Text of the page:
As we all should know by now, the “modern, sophisticated” way to lie is by omitting a few carefully chosen facts, instead of outright lying with falsehoods that can be easily checked against multiple sources.
But there is a flip side to wicked omissions. Call it Godly omissions: all the evil that we could have thought on, could have said, could have did… but didn’t.
The Scripture records the attitude those who believed in Jesus. They make it clear He was sinless. Peter wrote.
—<Quote from the website Blue Letter Bible>—
Who committed no sin, nor was guile found in his mouth (1 Peter 2:22).
The Apostle John testified that Jesus was without sin.
And you know that he was manifested to take away our sins, and in him there is no sin (1 John 3:5).
The Apostle Paul reported.
For he made him who knew no sin to be sin for us, that we might become the righteousness of God in him (2 Corinthians 5:21).
The total absence of sin – as defined by God – in Jesus’ life is the greatest omission the world has ever known. It’s the spiritual equivalent of a Holy Night.
Normally, the absence of something means that something bad is happening. But the total absence of evil actually means something good.
Now, it is worth noting that the mere absence of evil, while necessary, simply isn’t good enough… but it is necessary, and clearing out lies and theft and injustice and murder, if done in the name of God (in the name of something holy, or, really, Someone Holy) is a very good thing indeed.
But if you clear out your life, but without the power of the Holy Spirit, but just in the name of your own moral superiority and personal purity?
“When an impure spirit comes out of a person, it goes through arid places seeking rest and does not find it. Then it says, ‘I will return to the house I left.’ When it arrives, it finds the house swept clean and put in order. Then it goes and takes seven other spirits more wicked than itself, and they go in and live there. And the final condition of that person is worse than the first.”Luke 11:24-26, English Standard Version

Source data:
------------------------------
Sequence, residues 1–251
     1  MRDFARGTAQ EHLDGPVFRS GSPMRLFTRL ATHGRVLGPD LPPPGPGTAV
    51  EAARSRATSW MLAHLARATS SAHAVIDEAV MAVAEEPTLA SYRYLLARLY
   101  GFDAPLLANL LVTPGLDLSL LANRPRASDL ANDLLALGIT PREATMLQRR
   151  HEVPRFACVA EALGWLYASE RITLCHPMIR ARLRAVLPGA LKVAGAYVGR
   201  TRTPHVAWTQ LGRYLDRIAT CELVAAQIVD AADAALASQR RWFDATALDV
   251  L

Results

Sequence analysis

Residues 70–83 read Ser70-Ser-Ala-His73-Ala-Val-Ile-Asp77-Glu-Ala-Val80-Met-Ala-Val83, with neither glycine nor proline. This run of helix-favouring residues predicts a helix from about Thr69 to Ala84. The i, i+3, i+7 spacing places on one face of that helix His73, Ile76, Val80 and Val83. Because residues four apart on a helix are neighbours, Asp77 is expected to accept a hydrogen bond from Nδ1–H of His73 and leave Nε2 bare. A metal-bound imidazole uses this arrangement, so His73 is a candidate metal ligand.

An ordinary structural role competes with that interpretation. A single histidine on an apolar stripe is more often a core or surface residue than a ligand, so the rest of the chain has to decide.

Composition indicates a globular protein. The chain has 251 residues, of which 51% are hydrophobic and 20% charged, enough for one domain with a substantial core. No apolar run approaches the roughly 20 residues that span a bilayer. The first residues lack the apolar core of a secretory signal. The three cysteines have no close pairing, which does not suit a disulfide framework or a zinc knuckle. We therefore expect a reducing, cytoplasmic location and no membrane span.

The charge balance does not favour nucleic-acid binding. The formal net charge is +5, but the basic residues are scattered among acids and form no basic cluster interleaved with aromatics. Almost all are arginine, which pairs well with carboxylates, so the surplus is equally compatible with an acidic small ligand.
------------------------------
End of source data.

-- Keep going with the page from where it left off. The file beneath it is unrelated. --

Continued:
There is no one more certain of his righteousness than the self-righteous. Especially since he gets to decide what the Law is, and he gets to be his own judge.
Well, until after he dies, anyways.
That’s when the Master steps in, to deal with the servant that hates Him with every fiber of his being.
All of us have become like one who is unclean, and all our righteous acts are like filthy rags; we all shrivel up like a leaf, and like the wind our sins sweep us away.Isaiah 64:6, English Standard Version
When Isaiah says “all of us”, he isn’t primarily referring to some howling pagan from Babylon or Rome or Harvard.
He’s referring to Christian believers. Self-deceived believers, to be exact.
You can’t beat something with nothing. So, we need to do what is good in the eyes of God.
But evil is to be driven out from our lives.
Our house is to be swept clean and put in order.
And Christ is to be exalted at the centre of our lives, with our thoughts and hearts following the council of the Holy Spirit.
So there will not be place for even one unclean spirit.
The Holy Night is to be followed by the Holy Day, where we can actually work, speak, and live to extend the Kingdom of God in every way, large and small.
Maybe just in small ways, at the start. But this can be a profitable road, if there is no backsliding and the small victories are built up on, and so become less and less small over the years and decades.
Step by step, victory is gained.